Cartagena Dialogue Discusses Expectations Ahead of Bangkok and Doha
20 July 2012: The Cartagena Dialogue for Progressive Action (Cartagena Dialogue) met in Dushanbe, Tajikistan, to discuss key questions ahead of the upcoming informal additional sessions of the Ad Hoc working groups (AWGs) to be held in Bangkok, Thailand, from 30 August to 5 September 2012, and the 18th session of the Conference of the Parties (COP 18) to be held in Doha, Qatar, at the end of 2012.
The Group, which met from 19-20 July 2012, discussed issues to be addressed by the Ad hoc Working Group on Long-term Cooperative Action under the Convention (AWG-LCA), the Ad Hoc Working Group on Further Commitments for Annex I Parties under the Kyoto Protocol (AWG-KP) and the Ad Hoc Working Group on the Durban Platform for Enhanced Action (ADP).
On the ADP, participants addressed, inter alia: how the Bangkok session can be used to kick-start the ADP's work; expectations on what should COP 18 deliver regarding the new legally-binding agreement; and the elements that should be included the ADP's organization of work. On finance issues, participants discussed, among other issues: the current status of finance discussions in the climate negotiations; the type of finance discussions Parties foresee beyond COP 18, given the closure of the AWG-LCA; the elements that could be included in a possible decision on finance at COP 18; how to take on board the issue of innovative sources and private finance in the negotiations to provide greater clarity on their potential and role in meeting the common 2020 goal on finance. On carbon markets, questions addressed included how the existing Kyoto markets architecture can best be used to support mitigation actions by countries taking commitments under the Kyoto Protocol's second commitment period and those taking commitments under the Convention Track.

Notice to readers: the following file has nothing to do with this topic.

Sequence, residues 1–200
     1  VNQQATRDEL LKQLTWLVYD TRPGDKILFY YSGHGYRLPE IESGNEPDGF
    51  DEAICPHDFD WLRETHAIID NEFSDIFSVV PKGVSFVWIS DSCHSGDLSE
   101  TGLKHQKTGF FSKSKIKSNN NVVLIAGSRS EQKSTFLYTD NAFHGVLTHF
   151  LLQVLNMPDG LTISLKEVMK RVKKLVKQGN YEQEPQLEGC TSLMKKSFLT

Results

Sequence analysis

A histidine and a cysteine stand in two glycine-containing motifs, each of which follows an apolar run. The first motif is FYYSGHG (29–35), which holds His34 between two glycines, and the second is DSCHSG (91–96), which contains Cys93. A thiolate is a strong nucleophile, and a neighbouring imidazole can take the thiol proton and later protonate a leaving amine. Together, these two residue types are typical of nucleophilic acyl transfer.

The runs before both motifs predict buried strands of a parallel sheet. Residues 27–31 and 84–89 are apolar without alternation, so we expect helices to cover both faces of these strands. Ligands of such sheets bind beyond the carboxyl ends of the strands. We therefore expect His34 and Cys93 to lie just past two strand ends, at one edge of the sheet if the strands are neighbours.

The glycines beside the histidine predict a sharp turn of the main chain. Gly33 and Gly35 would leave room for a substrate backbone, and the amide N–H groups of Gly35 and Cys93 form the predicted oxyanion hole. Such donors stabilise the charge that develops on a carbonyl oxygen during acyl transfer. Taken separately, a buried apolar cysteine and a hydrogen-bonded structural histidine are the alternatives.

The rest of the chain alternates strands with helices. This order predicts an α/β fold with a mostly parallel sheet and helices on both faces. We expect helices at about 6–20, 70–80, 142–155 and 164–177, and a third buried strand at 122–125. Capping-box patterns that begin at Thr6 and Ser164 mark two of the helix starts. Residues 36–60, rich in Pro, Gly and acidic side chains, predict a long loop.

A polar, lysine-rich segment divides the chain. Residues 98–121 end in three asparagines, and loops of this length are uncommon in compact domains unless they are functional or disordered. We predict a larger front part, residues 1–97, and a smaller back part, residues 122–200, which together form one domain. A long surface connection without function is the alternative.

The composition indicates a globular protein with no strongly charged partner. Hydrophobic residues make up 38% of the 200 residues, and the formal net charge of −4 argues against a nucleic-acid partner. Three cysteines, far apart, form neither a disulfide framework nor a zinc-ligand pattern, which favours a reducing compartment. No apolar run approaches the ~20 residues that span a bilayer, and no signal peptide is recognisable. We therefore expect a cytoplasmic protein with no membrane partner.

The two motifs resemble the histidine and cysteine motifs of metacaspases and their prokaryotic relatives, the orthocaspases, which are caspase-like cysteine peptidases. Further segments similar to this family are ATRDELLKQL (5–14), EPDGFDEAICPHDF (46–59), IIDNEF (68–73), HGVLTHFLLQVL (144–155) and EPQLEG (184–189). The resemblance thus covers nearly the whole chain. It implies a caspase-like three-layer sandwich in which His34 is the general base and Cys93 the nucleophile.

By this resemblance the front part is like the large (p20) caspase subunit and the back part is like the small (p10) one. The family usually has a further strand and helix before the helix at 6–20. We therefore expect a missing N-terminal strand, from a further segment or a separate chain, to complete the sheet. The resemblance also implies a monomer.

The Cartagena Dialogue is an informal space, open to countries working towards an ambitious, comprehensive and legally binding regime in the UNFCCC, and who are committed domestically to moving their economies onto a sustainable, low-carbon pathway or avoiding a more carbon-intensive development. Founded in 2010, participating countries include Antigua and Barbuda, Australia, Bangladesh, Belgium, Colombia, Costa Rica, Ethiopia, France, Germany, Ghana, Indonesia, Malawi, Maldives, the Marshall Islands, Mexico, the Netherlands, New Zealand, Norway, Peru, Samoa, Spain, Tanzania, Thailand, Timor-Leste, Uruguay, the UK and the European Commission. [IISD RS Sources]